Neuroimaging of Non-Accidental Injury
Amit A. Roy,
W. K. Chong,
Deliberate inflicted trauma to children has irrefutably occurred for centuries but the notion of non-accidental injury
(NAI) as a distinct clinical entity has only relatively recently been described. Awareness and understanding of this
syndrome of abuse has increased greatly in recent decades, although many alternative names have been given to the condition
and uncertainty remains as to what exactly comprises the syndrome.
What is not in question, however, is the role of imaging; the radiologist is often at the front line in terms of raising the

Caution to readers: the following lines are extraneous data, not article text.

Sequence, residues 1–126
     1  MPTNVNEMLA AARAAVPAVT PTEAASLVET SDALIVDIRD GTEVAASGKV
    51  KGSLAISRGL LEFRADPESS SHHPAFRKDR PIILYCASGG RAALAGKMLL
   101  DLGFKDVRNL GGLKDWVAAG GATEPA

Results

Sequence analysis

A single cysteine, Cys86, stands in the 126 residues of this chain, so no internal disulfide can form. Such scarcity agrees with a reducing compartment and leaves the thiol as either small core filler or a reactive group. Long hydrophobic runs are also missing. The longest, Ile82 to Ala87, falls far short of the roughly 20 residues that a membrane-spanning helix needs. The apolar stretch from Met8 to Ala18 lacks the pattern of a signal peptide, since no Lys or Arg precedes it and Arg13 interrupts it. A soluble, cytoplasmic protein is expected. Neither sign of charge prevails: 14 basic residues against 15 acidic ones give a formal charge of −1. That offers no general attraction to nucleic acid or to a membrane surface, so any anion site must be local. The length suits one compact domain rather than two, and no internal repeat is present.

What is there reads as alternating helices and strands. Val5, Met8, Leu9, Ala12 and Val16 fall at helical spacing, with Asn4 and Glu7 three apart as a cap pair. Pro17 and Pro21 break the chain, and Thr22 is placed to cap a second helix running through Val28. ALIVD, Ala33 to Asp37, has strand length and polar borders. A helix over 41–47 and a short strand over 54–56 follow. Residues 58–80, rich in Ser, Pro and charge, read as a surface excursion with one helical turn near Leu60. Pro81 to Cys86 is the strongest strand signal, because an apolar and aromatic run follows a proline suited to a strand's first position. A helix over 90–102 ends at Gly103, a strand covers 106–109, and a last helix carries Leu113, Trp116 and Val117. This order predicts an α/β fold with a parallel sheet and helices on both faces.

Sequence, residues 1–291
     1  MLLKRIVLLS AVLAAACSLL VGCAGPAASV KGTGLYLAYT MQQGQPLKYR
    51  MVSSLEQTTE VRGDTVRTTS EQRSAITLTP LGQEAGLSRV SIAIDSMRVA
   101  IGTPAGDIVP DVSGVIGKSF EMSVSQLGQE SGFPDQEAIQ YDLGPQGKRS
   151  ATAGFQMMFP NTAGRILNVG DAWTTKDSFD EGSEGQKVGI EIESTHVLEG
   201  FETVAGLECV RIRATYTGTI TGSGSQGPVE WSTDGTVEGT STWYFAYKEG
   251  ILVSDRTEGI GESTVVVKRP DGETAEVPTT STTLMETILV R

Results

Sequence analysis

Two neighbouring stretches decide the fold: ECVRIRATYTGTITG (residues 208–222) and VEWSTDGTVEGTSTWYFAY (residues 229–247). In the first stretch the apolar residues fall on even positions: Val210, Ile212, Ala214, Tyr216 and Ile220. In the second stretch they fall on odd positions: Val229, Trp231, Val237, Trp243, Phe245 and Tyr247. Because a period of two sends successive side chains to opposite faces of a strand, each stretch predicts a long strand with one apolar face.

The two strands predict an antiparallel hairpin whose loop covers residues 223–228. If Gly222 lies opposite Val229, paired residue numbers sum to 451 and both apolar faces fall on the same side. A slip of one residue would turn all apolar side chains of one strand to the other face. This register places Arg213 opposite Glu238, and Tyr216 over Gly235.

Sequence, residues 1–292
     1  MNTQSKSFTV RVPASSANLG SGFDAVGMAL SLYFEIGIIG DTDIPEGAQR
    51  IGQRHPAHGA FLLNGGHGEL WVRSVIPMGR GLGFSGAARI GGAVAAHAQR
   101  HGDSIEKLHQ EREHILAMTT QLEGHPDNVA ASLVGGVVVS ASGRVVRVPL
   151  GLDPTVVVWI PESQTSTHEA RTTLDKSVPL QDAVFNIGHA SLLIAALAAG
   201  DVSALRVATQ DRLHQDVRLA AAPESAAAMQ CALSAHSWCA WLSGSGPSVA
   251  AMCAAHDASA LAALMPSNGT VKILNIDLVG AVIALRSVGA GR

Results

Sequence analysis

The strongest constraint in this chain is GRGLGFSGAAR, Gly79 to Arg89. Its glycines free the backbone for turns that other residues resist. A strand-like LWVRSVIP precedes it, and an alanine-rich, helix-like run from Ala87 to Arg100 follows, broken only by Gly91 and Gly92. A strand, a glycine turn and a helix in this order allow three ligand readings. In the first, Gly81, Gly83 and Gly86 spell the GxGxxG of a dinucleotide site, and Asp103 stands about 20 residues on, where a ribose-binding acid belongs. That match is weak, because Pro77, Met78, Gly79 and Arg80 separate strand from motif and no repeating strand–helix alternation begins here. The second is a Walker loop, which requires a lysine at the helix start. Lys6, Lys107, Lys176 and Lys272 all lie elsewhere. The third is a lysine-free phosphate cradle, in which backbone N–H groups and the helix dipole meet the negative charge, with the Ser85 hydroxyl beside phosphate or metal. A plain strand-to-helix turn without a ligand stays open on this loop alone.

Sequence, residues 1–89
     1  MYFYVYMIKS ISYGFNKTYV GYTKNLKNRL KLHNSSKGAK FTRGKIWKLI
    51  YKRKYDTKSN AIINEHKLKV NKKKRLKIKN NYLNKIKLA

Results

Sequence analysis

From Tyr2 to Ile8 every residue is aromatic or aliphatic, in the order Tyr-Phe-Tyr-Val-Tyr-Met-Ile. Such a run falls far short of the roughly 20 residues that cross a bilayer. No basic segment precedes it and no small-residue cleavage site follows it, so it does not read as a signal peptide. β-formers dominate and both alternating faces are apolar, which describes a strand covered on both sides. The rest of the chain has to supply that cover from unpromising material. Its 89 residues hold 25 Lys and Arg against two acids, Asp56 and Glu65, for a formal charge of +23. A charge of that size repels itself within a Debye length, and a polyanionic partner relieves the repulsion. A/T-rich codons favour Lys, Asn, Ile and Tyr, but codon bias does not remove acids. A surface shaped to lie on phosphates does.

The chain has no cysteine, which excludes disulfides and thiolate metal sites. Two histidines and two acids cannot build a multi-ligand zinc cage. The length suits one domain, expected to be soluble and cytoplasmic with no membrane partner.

spectre of NAI and in assessing the probability given the objective imaging features available.
Non-accidental head injury (NAHI) encompasses a broad spectrum of manifestations, ranging from trivial superficial injuries
to potentially fatal severe brain trauma. In this review, we aim to introduce the epidemiological, historical and legal
aspects of NAI. Focussing specifically on NAHI, current biomechanical theories and neuropathological aspects will be
discussed. Finally, the patterns of injury and prognosticating features with respect to the various imaging modalities will
be covered, with careful consideration given to differential diagnoses and syndrome mimics.
Keywords: Computed tomography, magnetic resonance imaging, non-accidental injury, non-accidental head injury,
neuroimaging, subdural haemorrhage.
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